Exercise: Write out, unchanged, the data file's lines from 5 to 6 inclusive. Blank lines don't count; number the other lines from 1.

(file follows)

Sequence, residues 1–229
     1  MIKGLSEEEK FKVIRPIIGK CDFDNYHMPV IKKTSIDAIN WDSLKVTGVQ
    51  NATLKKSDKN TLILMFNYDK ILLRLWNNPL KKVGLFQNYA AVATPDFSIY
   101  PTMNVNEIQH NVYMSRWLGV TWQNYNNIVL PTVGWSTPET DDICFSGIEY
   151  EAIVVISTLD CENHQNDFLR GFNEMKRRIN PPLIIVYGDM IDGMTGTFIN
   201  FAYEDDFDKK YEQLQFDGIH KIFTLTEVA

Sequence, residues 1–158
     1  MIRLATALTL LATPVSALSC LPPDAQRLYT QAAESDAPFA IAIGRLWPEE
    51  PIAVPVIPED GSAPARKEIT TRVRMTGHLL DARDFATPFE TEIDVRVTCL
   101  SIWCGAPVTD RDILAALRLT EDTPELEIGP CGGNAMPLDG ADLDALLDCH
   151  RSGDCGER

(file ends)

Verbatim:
   151  EAIVVISTLD CENHQNDFLR GFNEMKRRIN PPLIIVYGDM IDGMTGTFIN
   201  FAYEDDFDKK YEQLQFDGIH KIFTLTEVA